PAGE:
North Dakota Archaeologists Find No Trace of Burial Grounds in Pipeline Path


The State of North Dakota has dealt a blow to those Native Americans protesting construction of a nearly $4 billion Dakota Access oil pipeline near their land where they claim burial grounds and other artifacts were present.

A state inspection of the oil pipeline site has found no sign of such Native American artifacts or human remains as the Standing Rock Sioux tribe has claimed in its fight against the line.

Paul Picha, the Chief Archaeologist said in a report this week that seven state archaeologists inspected the 1.3-mile section of the route in southern North Dakota and only some animal teeth and bone fragments were found last week.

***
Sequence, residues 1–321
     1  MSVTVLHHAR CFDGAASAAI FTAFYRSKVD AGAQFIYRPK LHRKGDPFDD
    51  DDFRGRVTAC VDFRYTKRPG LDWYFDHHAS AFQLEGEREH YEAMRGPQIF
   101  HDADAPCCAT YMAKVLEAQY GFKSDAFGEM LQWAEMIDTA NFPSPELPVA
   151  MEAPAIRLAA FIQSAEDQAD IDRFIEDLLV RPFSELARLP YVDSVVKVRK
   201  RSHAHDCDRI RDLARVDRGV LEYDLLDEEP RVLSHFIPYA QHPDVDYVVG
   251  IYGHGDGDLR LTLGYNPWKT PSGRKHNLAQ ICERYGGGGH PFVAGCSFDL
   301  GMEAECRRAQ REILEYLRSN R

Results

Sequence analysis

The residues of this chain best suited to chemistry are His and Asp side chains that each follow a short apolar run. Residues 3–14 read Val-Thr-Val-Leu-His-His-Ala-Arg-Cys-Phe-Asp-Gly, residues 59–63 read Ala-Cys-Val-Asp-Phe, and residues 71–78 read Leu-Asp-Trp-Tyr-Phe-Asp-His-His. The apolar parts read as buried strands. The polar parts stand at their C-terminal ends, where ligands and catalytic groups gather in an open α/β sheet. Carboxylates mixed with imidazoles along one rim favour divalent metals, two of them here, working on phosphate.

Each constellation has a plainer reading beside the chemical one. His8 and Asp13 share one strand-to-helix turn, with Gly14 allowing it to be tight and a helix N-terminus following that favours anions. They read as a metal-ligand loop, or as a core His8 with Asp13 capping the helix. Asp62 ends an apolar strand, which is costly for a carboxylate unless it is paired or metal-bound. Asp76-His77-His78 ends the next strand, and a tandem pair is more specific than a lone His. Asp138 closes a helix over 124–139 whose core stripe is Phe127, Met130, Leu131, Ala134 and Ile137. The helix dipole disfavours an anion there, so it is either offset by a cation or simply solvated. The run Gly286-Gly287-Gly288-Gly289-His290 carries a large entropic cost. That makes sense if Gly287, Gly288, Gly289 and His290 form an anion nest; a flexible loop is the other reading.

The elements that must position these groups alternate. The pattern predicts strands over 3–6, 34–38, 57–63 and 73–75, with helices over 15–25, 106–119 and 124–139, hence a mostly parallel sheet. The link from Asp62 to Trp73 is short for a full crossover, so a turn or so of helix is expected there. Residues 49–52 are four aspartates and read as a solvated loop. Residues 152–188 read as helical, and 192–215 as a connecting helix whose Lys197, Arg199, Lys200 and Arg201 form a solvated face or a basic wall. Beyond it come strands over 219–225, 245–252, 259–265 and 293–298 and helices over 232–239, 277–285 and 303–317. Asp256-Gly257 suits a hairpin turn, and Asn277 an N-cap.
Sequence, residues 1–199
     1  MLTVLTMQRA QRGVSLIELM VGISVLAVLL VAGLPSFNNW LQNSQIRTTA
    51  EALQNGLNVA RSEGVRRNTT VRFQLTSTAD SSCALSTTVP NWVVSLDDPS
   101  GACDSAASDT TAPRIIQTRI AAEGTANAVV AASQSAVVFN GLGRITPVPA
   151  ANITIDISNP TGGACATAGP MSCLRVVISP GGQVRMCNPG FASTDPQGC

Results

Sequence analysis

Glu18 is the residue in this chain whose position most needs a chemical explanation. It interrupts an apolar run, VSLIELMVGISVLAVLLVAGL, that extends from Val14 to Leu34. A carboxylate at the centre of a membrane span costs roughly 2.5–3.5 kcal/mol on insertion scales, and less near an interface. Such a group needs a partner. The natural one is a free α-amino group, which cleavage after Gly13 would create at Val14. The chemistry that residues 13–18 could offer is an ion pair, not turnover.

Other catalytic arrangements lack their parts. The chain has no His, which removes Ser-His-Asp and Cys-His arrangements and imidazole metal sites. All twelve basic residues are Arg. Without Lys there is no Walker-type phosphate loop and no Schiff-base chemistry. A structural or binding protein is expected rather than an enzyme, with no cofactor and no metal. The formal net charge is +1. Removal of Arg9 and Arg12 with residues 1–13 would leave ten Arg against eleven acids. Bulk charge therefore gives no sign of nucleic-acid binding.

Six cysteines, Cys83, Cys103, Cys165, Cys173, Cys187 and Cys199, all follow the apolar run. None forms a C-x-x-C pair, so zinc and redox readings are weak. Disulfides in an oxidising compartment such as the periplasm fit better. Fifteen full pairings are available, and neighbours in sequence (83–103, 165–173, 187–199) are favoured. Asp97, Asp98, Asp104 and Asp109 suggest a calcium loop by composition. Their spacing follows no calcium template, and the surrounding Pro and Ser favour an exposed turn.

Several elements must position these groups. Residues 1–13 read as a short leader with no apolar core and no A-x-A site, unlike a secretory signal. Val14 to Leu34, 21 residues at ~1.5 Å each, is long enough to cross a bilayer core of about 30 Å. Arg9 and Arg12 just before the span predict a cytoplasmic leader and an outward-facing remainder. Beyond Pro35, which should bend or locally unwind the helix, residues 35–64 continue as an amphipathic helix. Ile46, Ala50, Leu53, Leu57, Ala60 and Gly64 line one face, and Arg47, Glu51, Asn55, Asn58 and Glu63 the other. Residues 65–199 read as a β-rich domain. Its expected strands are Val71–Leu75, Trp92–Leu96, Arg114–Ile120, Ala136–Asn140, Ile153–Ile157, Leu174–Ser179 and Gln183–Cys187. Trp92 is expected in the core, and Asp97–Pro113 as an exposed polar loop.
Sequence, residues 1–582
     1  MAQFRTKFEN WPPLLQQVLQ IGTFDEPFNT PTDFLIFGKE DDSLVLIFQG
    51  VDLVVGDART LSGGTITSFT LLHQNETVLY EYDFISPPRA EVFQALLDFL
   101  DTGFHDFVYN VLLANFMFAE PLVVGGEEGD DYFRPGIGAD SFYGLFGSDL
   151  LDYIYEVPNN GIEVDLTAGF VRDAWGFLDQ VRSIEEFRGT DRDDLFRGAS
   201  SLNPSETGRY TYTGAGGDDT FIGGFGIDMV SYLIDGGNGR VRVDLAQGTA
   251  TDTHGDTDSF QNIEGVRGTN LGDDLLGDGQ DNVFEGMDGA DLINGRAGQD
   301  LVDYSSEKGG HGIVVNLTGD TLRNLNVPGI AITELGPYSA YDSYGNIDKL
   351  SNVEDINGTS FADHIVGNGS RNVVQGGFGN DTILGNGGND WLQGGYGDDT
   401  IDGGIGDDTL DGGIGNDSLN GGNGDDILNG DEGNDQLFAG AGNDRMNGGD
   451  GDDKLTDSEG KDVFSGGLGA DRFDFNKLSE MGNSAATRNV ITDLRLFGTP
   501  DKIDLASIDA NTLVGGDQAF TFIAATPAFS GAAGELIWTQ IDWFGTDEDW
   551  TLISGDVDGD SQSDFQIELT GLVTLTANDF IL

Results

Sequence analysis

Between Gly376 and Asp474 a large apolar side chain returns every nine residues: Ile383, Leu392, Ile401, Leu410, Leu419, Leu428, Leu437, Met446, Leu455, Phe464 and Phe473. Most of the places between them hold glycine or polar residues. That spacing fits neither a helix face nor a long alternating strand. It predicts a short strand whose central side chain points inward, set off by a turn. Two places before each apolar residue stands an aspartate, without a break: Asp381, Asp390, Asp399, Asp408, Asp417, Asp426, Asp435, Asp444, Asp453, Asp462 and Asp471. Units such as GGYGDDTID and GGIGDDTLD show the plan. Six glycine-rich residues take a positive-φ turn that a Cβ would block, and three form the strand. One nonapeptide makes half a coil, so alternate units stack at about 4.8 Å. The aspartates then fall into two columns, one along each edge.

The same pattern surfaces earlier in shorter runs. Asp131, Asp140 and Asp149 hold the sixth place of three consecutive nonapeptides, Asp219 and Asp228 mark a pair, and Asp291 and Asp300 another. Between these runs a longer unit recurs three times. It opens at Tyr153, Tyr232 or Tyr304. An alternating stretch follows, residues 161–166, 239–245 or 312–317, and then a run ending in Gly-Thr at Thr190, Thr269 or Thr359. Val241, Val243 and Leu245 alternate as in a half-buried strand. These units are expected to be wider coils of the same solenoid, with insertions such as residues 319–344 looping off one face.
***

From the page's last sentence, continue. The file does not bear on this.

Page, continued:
Leaders of the Standing Rock Sioux tribe did not respond immediately to the report. Tribal Chairman David Archambault II was critical of the work carried out by crews that had removed topsoil in a two-mile long stretch.

“This demolition is devastating. These grounds are the resting places of our ancestors. The ancient cairns and stone prayer rings there cannot be replaced. In one day, our sacred land has been turned into hollow ground.”

The burial-ground claim was just one of two the tribe had used in attacking the construction. The tribe had also charged the pipeline had the potential to harm its drinking water source.



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